Federal Bureau of Investigation statistics, as cited by Utah’s Public Health Indicator-Based Information System, show that in 2019 the reported rape rate in Utah was 56.8 per 100,000 adults as compared to 42.6 per 100,000 adults nationwide.

How safe am I? If they come after him and, how safe, y’know?

— Joyce Yost to South Ogden Police Officer Mel Hackworth, April 4, 1985

Victim Information or Notification Everyday (VINE)

Fear, and the loss of control, are two common reactions for victims of  sexual assault. The Arizona Coalition to end Sexual and Domestic Violence reports many sexual assault and rape victims who have sought help fear their attacker “getting back” at them.

Few perpetrators of rape or sexual assault return to inflict further violence on their victims. Most cases of rape involve an attacker known to the victim. Joyce Yost did not know Douglas Lovell when he first assaulted her. Lovell had returned to make good on his threats.

“Statistically, rapists don’t return to rape the same person again,” Jan Schiller, a former YWCA rape victim advocate who’d met with Joyce Yost in the hours following her rape, said. “They certainly don’t return to murder the person so yeah, it was a shock.”

One method of combating that fear and loss of control is by empowering survivors of rape with information. A variety of victim notification services have arisen in the decades since Joyce Yost’s murder. The most prominent of them is VINE.

Originally available across the United States offline and now online, the Victim Information or Notification Everyday (VINE) system (VINELink, online) is the most widely used notification network in the U.S. It is available in 48 states and provides information from nearly 3,000 jails and prisons.

By registering with VINE, users receive automatic notification, by email, text, or phone call, about the custody status of an inmate. The level of detail provided by the system can vary from state to state, however; it does not typically include information about an inmate’s criminal history or other factors that might influence a victim’s decisions about personal safety.

Listen to the full season of COLD

Season 2 of the COLD podcast will take you inside the no-body homicide investigation triggered by Yost’s disappearance. Audio tapes never before made public will allow you to hear Yost, in her own voice, describe the events which preceded her death.

You will learn why police suspected one man, Douglas Lovell, yet were unable to arrest him at the time. And you will learn how some individuals and institutions gave — and continue to give — Lovell every opportunity to evade the ultimate penalty.

Hear Joyce Yost’s voice for the first time in the COLD podcast season 2, available to listen free on Amazon Music.

Free resources and help with sexual abuse are available 24/7 at  You can also call 800-856-HOPE (4673).

Past coverage: 

Today’s Top Stories


Provo Police need help to identify and locate a suspect in a 2020 cold case shooting that happened ...
Devin Oldroyd

Provo Police Department asking for help solving a 2020 cold case

Provo Police need help to identify and locate a suspect in a 2020 cold case shooting that happened at the Missionary Training Center.
2 days ago
salt lake mayorMendenhall guns...
Curt Gresseth

After NY law is struck down, two Utah experts sound off on gun rights

Two advocates on either side of the gun-control vs. gun rights debate sound off on the Supreme Court's 6-3 ruling to expand the right to carry a firearm in public.
2 days ago
A men’s maximum-security unit in the new Utah State Correctional Facility in Salt Lake City is pi...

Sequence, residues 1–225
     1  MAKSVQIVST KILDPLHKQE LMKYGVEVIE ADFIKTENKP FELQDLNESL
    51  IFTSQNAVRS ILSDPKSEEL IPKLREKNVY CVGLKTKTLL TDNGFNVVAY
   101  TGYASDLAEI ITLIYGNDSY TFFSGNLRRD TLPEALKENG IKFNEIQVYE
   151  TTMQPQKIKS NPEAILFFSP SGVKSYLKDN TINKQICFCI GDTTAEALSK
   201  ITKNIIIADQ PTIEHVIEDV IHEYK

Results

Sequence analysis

Lindsay Aerts

State leaders cut the ribbon on new Utah State Correctional Facility

After five years of construction, a ribbon cutting ceremony for the new Utah State Correctional Facility, located west of the Salt Lake City International Airport, was held Wednesday.
3 days ago
Salt Lake City Police are looking into a pair of armed bank robberies Tuesday night in the Salt Lak...
Mark Jones

Update: SLC armed robbery suspect taken into custody

Salt Lake City police are searching for Tanner Cram, age 27, a suspect behind a pair of alleged armed bank robberies Monday evening.
4 days ago
Salt Lake City Police Department recently conducted a speed enforcement operation, which resulted i...
Mark Jones

SLCPD issues 96 citations in recent speed enforcement operation

Salt Lake City Police handed out 96 citations to drivers, and issued 18 warnings to other drivers in a recent speed enforcement operation.
4 days ago
Speed limit sign that says the limit is 80 mph. The Washington County sheriff's office made a drug ...
Mark Jackson

Washington County Sheriff’s Office makes drug bust during traffic stop

The Washington County Sheriff's Office said one of its deputies kicked off the drug bust by making a traffic stop on I-15.
4 days ago

Sponsored Articles

Tax Harassment...
Jordan Wilcox

The best strategies for dealing with IRS tax harassment | You have options!

Learn how to deal with IRS tax harassment. This guide will teach you how to stop IRS phone calls and letters, and how to handle an IRS audit.
spend a day at Bear Lake...
Bear Lake Convention and Visitors Bureau

You’ll love spending the day at Bear Lake | How to spend a day at Bear Lake

Bear Lake is a place that needs to be experienced. Spend a day at Bear Lake.
Curb Appeal...
Price's Guaranteed Doors

How to have the best of both worlds for your house | Home security and curb appeal

Protect your home and improve its curb appeal with the latest security solutions like beautiful garage doors and increased security systems.
Prescription opioids can be disposed of during National Prescription Take Back Day...
Know Your Script

Prescription opioid misuse | How to protect your family from the opioid epidemic

Studies have shown that prescription opioid misuse has increased since COVID-19. So what do you need to know about these opioids?
Follow @ikeyospe...

Tax Tuesday: The Most Common Mistakes People Make When Filing Their Taxes

Fortunately, for most average earners, they will not end up owing overpayments received for the Child Tax Credit in 2021.
Follow @ikeyospe...

Tax Tuesday: How will last year’s child tax credits affect you?

Fortunately, for most average earners, they will not end up owing overpayments received for the Child Tax Credit in 2021.
36 years after Joyce Yost’s assault, rape victims have more help, but key funding has lapsed